November 12, 2013

The sentiment toward SEFs has gone fear, to uncertainty, to acceptance, to business opportunity.

I have been trying to learn R, the leading statistical analysis language, but haven't found enough fortitude to put myself through the paces just yet. So you will have to settle for a highly un-scientific but possibly still insightful perspective on how financial services professionals are able to turn the challenges presented by regulatory requirements into opportunities.

Case in point: Swaps Execution Facilities (SEFs). There are 93 references to SEFs in Wall Street & Technology's archives, starting with a piece by Sean Owens in November 2010. Even then, it was clear that the CFTC-driven changes would have a significant impact on the market, with predictions of multiple execution venues and 40+ firms registered as SEFs. Owens' piece is cautiously optimistic on the outcome.

This early sentiment was followed in short course by a number of less-upbeat perspectives:

I think you get the point. Let's move on to the next chapter, where optimism starts to prevail. As we move through 2011, we find articles such as "Credit Markets to Enjoy Liquidity Boost Under Dodd-Frank" and "SEFs Will Improve Global Swaps Market: Survey."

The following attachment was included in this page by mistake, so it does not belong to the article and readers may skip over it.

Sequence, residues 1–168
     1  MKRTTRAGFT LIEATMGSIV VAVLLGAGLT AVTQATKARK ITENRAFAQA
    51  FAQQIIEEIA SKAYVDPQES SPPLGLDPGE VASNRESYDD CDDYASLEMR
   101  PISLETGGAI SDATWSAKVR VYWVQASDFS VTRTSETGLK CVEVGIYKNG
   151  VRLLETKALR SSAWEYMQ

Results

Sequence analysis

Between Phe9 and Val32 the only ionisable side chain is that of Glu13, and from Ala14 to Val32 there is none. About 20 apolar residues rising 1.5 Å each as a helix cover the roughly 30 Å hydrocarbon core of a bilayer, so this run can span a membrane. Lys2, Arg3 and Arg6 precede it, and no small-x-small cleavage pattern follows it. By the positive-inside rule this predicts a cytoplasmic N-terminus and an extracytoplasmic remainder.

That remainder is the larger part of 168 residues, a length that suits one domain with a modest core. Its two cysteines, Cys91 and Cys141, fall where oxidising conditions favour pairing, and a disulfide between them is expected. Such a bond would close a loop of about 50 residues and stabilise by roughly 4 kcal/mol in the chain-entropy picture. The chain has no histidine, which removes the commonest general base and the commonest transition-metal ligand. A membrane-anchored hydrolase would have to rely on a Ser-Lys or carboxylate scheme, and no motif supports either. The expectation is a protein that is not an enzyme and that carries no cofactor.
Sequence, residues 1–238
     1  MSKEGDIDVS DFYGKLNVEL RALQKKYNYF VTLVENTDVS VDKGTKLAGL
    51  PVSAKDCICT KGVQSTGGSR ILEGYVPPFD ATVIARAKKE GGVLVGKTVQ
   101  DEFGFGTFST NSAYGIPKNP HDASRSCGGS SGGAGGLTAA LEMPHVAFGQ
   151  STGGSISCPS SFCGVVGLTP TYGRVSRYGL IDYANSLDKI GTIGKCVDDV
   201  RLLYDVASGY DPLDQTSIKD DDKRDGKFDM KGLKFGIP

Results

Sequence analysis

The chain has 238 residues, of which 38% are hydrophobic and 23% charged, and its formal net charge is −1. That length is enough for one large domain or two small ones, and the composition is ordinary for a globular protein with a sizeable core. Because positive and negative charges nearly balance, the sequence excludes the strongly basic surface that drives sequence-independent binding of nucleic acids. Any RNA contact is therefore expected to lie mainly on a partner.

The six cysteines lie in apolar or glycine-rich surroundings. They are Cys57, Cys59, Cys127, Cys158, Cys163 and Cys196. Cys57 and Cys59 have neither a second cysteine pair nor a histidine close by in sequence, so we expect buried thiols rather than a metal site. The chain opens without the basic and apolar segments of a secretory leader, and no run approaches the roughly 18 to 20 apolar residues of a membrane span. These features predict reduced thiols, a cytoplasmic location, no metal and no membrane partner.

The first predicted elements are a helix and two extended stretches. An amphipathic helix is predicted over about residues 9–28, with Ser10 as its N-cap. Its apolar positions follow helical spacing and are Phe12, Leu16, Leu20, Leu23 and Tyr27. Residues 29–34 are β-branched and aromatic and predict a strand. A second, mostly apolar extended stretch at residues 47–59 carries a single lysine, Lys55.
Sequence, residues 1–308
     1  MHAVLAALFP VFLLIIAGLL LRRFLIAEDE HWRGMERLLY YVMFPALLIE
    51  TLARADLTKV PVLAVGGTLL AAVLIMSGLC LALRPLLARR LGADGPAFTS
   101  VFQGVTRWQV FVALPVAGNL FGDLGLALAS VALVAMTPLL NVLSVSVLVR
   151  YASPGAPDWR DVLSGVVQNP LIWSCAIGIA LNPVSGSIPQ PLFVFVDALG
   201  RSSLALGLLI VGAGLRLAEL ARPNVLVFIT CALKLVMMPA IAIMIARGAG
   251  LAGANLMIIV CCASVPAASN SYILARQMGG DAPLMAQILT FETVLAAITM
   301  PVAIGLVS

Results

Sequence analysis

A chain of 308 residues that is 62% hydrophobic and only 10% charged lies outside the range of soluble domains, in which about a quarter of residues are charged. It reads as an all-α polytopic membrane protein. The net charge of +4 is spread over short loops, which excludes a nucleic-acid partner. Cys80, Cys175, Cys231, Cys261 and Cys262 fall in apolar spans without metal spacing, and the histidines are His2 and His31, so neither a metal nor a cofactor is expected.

The next chapter is also predictable: all of the fears and hopes give way to a period of confusion and activity as implementation is in full swing. Article titles include language such ask "risk," "pain points," "seeing the forest through the trees." In the midst of this comes my favorite of this period, the classic "Financial Industry Is Massively Underprepared for OTC Regulation" of January 2013.

So where are we now? Consider these titles from the last month of WS&T:

Granted, it is a bit early to fully predict the impact of the new structure. One of the biggest benefits is likely to be the value of transparent data to all players in the market, not just the regulators. And there are still many outstanding questions on where do we go from here. But in the midst of daily outages and concerns over 2014 funding, it is good to take a pause. We made it. We aren't dead, we are stronger.

ABOUT THE AUTHOR
Jennifer L. Costley, Ph.D. is a scientifically-trained technologist with broad multidisciplinary experience in enterprise architecture, software development, line management and infrastructure operations, primarily (although not exclusively) in capital markets. ...